A new research study from the Journal of the American Medical Association (JAMA) states that the legalization of cannabis for adult use does not affect youth marijuana use. This same study shows that states that have adopted recreational marijuana laws (RMLs) did not experience an increase in illegal use among young people. 

Researchers from Montana State University and San Diego University came together to evaluate whether illegal youth use of cannabis was seen in states that recently legalized marijuana, using responses from the Youth Risk Behavior Survey (YRBS). The YRBS asks high school students about various health-related activities, including marijuana use, vaping, and alcohol consumption. The four authors of the study reportedly analyzed responses from 207,781 students.

“In this repeated cross-sectional study, there was no evidence that RMLs were associated with encouraging youth marijuana use,” the two-page paper asserts. “After legalization, there was no evidence of an increase in marijuana use.” The study added, “Estimates based on the state YRBS and estimates of the association between the first dispensary opening and marijuana use were qualitatively similar.”

Responses to the YRBS studies were taken from students in twelve different states, before and after recreational marijuana laws were passed. Nine states contributed data from before and after dispensaries were opened. Responses from students in 36 other states where marijuana has not been legalized were also studied. 

jx6E98yplvwnQBN3ztRNyt96nwoFtLZPt6LOBCWCFJ1HDscgADW2IBOmQ2R Pi6lpwsZrqAUHL4g0SeTVA7QkgyzF9eYYvQ7j1wWmBbvs59Ul4LPZ eh9B5byvjY1kh0kT7Dmlk0w1lO1E3TwjQOFuI

This is the second study published by JAMA in recent weeks that found that the legalization of marijuana for adults does not affect marijuana use by underage youth. The other study, published in the JAMA Pediatrics journal, found the opposite: that youth were reporting lower amounts of marijuana usage in states where adult use of cannabis had been legalized. Conducted by researchers at Boston College and the University of Maryland at College Park, the study suggested that over time, recreational cannabis laws (RCLs) led to lower odds of any cannabis use.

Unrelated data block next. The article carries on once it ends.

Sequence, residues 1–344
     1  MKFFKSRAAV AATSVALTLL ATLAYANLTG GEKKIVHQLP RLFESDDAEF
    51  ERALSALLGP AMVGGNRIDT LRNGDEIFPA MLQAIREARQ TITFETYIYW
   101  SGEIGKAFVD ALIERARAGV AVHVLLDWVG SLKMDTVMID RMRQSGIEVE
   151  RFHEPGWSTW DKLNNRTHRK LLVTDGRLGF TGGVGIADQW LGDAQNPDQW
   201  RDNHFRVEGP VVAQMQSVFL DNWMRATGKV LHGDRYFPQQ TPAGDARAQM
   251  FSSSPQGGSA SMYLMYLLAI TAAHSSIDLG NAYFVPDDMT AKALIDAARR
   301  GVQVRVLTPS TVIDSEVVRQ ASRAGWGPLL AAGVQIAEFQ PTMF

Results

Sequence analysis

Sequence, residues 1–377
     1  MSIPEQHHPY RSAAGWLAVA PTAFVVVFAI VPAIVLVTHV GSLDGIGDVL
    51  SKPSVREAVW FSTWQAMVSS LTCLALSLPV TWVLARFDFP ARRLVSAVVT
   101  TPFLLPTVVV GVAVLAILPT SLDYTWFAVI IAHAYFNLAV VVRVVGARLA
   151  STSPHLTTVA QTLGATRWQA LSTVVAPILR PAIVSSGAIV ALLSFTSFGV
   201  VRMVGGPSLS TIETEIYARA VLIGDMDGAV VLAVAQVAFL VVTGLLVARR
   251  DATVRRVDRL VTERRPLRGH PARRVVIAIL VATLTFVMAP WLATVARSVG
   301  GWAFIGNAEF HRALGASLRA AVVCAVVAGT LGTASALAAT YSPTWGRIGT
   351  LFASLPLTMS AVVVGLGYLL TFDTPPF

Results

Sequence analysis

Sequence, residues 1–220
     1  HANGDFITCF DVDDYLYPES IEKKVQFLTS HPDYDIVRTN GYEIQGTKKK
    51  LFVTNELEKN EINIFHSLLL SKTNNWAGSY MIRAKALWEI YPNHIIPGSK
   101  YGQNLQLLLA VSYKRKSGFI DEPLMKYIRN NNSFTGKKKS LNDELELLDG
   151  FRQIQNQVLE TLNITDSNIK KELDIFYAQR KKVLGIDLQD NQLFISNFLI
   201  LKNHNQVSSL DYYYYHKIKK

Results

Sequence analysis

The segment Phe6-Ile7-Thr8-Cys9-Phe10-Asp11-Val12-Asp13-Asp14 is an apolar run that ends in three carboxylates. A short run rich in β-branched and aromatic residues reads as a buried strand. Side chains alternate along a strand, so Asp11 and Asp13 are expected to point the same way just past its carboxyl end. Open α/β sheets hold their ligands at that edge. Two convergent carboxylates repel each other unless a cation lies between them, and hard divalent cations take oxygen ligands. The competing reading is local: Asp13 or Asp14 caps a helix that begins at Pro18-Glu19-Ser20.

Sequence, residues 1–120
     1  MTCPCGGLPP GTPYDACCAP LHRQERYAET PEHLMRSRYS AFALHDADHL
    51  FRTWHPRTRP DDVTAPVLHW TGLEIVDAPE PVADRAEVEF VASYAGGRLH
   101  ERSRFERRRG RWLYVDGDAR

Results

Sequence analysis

“Each additional year of RCL,” it says, “was associated with 8% higher odds of zero cannabis use (lower likelihood of any use), with non-significant total estimates.”

“Results,” the study concluded, “suggest that legalization and greater control over cannabis markets have not facilitated adolescents’ entry into substance use.” 

While officials and the public were initially concerned that marijuana use in youths would increase with adult-use legalization, data seems to support the study’s findings that youth marijuana use is not affected by recreational use laws. Recent data from Washington State suggested that marijuana use in adolescents and teenagers has declined since legalization,  and that cannabis has become harder for young people to access since adult-use legalization in 2012. A separate study found that it was more difficult for Canadian teens to access marijuana since the country legalized its use for adults in 2019.

Chief of the National Institute of Drug Abuse’s epidemiological research branch Marsha Lopez said in December that there have been “no substantial increases at all” in teen marijuana use. “In fact, they have not reported an increase in perceived availability either, which is kind of interesting,” she added.